A lot of questions were on my mind Saturday when walking up to Fitzgerald's grand reopening. What had become of the classic venue? Was it in capable hands that could deliver high-caliber shows? Those questions were put to rest as Bun B ushered in a new era for the music venue.
The chatter of the crowd was growing and the lights were off, and Bun was pacing behind the stage with the swagger of a veteran. His eyes looked calculated and the room was still as Mayor Annise Parker took the stage to give a few words. She told the crowd that she received a text message a few hours earlier from Bun, asking if she would come to his show and introduce him. I can’t think of a single rapper who can text the mayor like that.
Bun B rolled through his set like a Metro bus with no brakes. With a legend like him, it’s nearly impossible to have a lackluster set. Every song jams and every single song elicits a response from the crowd. He had an arsenal of hits and delivered each one to the crowd like they were starving children on Thanksgiving. In fact, I don’t think they were silent or still the entire time Bun was on; it was one of those shows where the crowd was all about it.
Bun's voice is just one of those that locks you into the sound and takes you for a ride no matter how old it gets. His flow is still strong and smooth, like that of a younger man in his prime. His delivery is like watching an amazing chef prepare your meal right before your eyes – witnessing someone execute their craft with the highest skill and the deepest respect possible.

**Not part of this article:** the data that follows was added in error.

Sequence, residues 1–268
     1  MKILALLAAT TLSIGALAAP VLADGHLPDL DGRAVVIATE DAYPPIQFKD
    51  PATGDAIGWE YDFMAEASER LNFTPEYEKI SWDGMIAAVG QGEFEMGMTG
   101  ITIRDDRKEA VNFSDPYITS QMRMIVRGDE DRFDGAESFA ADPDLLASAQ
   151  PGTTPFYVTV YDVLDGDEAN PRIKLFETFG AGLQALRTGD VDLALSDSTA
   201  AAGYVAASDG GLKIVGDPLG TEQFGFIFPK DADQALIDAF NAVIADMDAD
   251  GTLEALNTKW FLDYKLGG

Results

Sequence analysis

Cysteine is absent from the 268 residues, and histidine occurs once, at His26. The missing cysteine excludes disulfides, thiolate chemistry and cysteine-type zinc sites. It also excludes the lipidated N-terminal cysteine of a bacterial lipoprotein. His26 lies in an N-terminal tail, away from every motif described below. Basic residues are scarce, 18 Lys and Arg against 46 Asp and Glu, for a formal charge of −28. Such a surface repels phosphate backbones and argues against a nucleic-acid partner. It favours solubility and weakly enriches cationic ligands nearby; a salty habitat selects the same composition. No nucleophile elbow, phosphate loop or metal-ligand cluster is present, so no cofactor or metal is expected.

He showed so much energy and love for the city that at one point a fan handed him an Astros jersey and he wore it during the song. He kept performing encores because the crowd couldn’t get enough. I imagine if Bun never got tired he could have rapped for a few years upstairs and the crowd would have kept rocking with him the entire time. The last time I saw Bun was at FPSF for “Welcome to Houston,” so to see him have his own proper full-length set was awesome to witness in a familiar environment like Fitz.
As for the venue's new 'do, the first thing I noticed when I walked in was the fresh coat of black paint. The second was was when walking up the stairs, my nipples became as stiff as a piece of cardboard. The newly upgraded AC system must have been doing a tremendous job, because the entire second floor was an icebox. It was refreshing, and something I had never experienced in all my years of shooting at Fitz.
As I was adjusting to the newly improved chilly atmosphere of the upstairs I noticed the new tenants have done away with the double doors leading to the outside balcony, a small but welcome change in my book. I hated shuffling between those doors and either spilling something or bumping someone.
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Walking outside onto the balcony to warm up, I noticed that dozens of chairs littered the floor. People were sitting in groups chatting, smoking or just relaxing. It was another small change from the past, where people usually just stood around and would get pissed if you walked by too closely. The lighting and sound were both on point during the sets, and I didn't notice any technical hiccups. The bathrooms were painted up and clean and I'm curious to see how long that lasts.
Openers Def Perception started their set with a small crowd, but had the entire room moving by the end. Their mix of heavy funk and hip-hop, backed by rapid fire vocals, makes it hard to stay still for too long. They executed their set with accuracy while visibly having fun with it. Getting them to open for proved good as they get the crowd hyped up for Bun B.
It seems like Fitzgerald's is in good hands with the new management. While the name hasn't changed, the renovations are a very welcome difference to the old grounds. Rather just throwing a few buckets of paint and calling it done, the current administration is really working to push the venue into a new chapter.
It was clear that they're not done, either — more good news for music fans.